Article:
Revisiting Yes’ 1980 Album “Drama”

Yes - Drama

I hate Drama. I mean, I’ve just never been able to understand the praise around it. It’s not even necessarily because Yes‘ longtime frontman Jon Anderson was in absentia for this one, though I suspect it may have something to do with it. Even if ‘hate’ might be a tad too strong of a word to describe my disdain towards their tenth album, it’s been made clear to me many times that my view is a rare one, with some of Yes‘ fans going as far as to call it one of their brightest moments. Indeed, Drama may have corrected many of the issues suffered on the tumultuous Tormato and even spawned a pair of great tunes in the process, but so much of the magic I loved up to this point from Yes (Yes, even including Tormato) seems to be lost here. What we’re left with is the semblance of a potentially great record; “Machine Messiah” and “Tempus Fugit” have rightfully gone down in history as two of Yes‘ better pieces, but everything in between falls miles short of expectations. For all of the things that the band does right on Drama, so much more gets lost along the way.

Especially in the months prior to the album’s release, the band and fans were left with a question: could Yes exist without the immortal voice of Jon Anderson? The band had been through a number of lineup changes in the past, but so much of the band’s atmosphere and personality came through in his voice, equal parts angelic, innocent and lively. Bringing in a little known New Wave pair called the Buggles (who enjoyed a bit of success with their 1980 debut The Age of Plastic) seems like a big risk to have taken, even now. Regardless, the replacement for Jon Anderson and Rick Wakeman (Trevor Horn and Geoffrey Downes, respectively) made for a decent fit. Horn manages to fill the void left by Anderson well enough; his performance here falls short in virtually every respect when compared to Anderson, but he goes through the motions well enough and without a personality of his own, very much like a stand-in. I’ve never cared much for Rick Wakeman to begin with, so it’s understandable I’d feel more warmly towards Geoff Downes’ performance here, who takes a decidedly less egotistical approach than Wakeman did on albums past. It’s a nice change of pace, and works well with the album’s new style.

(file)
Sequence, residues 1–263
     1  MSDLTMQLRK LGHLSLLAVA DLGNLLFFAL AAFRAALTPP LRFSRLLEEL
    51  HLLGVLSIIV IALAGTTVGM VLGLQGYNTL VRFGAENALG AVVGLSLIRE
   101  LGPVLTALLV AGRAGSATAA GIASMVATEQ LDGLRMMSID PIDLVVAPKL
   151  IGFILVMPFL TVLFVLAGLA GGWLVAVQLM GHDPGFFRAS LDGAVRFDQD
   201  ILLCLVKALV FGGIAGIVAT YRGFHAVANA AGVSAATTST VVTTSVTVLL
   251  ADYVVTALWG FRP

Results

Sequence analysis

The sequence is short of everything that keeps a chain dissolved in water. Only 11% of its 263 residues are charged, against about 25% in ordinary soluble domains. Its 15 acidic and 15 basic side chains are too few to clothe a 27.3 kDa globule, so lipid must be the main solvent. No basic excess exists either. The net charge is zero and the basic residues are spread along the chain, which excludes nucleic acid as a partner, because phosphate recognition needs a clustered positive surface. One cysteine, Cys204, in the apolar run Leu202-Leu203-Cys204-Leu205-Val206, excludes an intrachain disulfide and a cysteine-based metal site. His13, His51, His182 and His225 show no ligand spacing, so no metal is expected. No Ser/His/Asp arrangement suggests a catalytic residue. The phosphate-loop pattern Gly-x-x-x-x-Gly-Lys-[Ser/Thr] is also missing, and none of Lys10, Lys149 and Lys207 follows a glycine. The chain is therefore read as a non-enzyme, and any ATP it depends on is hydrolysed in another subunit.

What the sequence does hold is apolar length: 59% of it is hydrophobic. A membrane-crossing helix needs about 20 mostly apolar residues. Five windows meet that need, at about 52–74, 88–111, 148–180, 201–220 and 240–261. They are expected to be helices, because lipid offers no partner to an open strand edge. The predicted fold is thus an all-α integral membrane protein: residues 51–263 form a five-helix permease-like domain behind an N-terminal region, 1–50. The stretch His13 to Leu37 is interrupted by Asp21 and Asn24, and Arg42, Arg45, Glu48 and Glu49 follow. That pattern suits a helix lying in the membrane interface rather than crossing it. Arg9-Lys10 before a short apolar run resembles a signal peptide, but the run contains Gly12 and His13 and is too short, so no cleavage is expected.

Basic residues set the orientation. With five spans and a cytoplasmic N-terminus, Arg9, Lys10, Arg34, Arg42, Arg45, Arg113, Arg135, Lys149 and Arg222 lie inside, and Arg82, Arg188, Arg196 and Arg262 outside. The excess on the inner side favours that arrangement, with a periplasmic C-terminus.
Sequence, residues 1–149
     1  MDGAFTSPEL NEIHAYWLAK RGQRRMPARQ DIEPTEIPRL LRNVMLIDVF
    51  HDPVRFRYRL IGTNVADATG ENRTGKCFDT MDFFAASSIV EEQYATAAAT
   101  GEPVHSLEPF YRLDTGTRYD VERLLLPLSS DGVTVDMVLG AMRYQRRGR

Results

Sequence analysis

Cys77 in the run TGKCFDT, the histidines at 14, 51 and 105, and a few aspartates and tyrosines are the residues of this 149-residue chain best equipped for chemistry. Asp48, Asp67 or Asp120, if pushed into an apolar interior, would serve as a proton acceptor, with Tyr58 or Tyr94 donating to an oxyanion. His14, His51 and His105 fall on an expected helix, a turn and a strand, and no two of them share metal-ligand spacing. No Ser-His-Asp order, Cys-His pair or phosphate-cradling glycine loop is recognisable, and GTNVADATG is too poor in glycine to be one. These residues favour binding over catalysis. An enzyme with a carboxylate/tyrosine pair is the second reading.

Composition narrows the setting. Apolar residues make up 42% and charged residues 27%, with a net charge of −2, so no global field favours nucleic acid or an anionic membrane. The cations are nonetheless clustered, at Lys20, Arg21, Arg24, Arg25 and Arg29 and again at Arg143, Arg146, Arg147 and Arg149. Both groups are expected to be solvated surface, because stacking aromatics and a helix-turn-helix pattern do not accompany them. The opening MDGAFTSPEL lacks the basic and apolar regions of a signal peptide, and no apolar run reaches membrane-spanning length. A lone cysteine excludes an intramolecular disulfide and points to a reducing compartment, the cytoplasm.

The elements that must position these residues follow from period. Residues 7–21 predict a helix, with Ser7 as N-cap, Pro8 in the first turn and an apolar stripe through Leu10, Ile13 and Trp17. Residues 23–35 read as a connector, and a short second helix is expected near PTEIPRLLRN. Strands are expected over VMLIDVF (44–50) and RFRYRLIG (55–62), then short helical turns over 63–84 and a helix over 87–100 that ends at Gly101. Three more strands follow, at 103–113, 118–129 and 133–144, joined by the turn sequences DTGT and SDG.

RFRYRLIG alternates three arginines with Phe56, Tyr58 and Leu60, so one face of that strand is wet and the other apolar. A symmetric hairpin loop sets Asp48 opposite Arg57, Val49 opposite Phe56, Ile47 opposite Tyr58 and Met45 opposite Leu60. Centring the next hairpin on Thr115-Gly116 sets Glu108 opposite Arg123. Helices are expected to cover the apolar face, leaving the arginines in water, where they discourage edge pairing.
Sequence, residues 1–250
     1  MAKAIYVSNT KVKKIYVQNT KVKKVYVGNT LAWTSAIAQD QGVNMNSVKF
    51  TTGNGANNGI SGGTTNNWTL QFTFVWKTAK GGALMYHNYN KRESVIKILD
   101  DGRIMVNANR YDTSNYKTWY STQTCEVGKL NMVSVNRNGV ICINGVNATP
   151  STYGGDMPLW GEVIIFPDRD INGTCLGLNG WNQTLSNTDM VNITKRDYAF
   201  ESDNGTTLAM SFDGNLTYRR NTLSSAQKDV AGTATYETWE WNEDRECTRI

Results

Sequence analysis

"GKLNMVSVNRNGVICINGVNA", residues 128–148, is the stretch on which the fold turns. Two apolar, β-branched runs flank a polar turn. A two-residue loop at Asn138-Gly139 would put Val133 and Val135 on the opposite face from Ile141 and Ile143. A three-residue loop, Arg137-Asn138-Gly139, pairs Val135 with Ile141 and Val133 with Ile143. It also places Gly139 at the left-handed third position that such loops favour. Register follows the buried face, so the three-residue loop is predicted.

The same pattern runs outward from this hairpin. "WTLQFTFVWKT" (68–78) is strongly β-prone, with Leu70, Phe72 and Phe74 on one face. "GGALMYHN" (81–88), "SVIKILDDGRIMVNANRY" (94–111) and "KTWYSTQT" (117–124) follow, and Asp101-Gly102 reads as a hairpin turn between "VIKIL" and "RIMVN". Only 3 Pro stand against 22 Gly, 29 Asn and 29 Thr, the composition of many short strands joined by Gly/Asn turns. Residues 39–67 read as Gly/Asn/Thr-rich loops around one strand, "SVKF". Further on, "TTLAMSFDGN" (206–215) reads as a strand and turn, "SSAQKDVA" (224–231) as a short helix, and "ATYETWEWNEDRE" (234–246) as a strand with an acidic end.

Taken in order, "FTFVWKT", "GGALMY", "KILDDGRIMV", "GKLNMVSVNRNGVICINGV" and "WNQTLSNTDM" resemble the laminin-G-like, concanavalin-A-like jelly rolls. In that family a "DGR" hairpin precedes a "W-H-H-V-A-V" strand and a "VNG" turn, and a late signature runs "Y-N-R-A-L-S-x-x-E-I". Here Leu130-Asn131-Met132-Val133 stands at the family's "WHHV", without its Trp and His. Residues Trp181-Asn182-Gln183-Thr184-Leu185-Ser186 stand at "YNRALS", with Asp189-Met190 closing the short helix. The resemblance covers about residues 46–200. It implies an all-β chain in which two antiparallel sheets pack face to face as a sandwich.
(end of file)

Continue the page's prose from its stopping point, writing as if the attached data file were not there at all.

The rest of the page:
It’s not the lineup changes or musicianship that’s made Drama a failure in my eyes; it’s ultimately the songwriting that kills it for me. After Tormato, it was clear there was no going back for Yes to the formula of the glory days. As if Yes were having a crisis of identity, Drama seems to split off down two roads, one echoing their sophisticated prog rock legacy, the other bowing to prevalent New Wave and AOR pop trends. Sure enough, it’s the former approach (“Machine Messiah” and “Tempus Fugit”) that hopes to save the album. The two tracks have been much talked about, and they always seem to be the pieces lovers of the album point to when attesting to its greatness. Sure enough, I cannot deny that both are great, and both better than anything heard on Tormato- an album I enjoyed more on the whole. “Machine Messiah” feels cinematic in its epic scope and atmosphere, introducing the album and new members on the best foot. I like “Tempus Fugit” even more, which- while not an epic in length- certainly rivals “Machine Messiah” in ambition and sophistication. Chris Squire’s bass lines on “Tempus Fugit” are some of the most energetic he’s ever played, and Trevor Horn’s straight- laced vocal approach even seems to work here.

On the other hand, there are the other four tracks which take the other road, and it’s in the area between the start and finish where Drama really suffers. Make no mistake, I have no problem with a more pop-oriented sound, and I even think it could have been great for Yes to turn their style on its side. The pitiful afterthought “White Car” sounds like it’s the quirky theme song to a bad 90′s shot-on-studio sitcom. “Does It Really Happen?” is sublimely dull, and “Run Through the Light” is equally so, depending almost entirely on melodies and soft, bland instrumentation to get their points across. Only “Into the Lens” feels engaging musically, and even then it’s squandered by its sterile sense of style and weak lyrics (more on that later). As great as “Machine Messiah” and “Tempus Fugit” undoubtedly are, two hits and four misses doesn’t add up to being a good album, much less a great one. I feel like the dull, kitschy 80′s aesthetic they picked up here is a grim foreshadowing for generally weak career Yes would have as a pop act following 90125.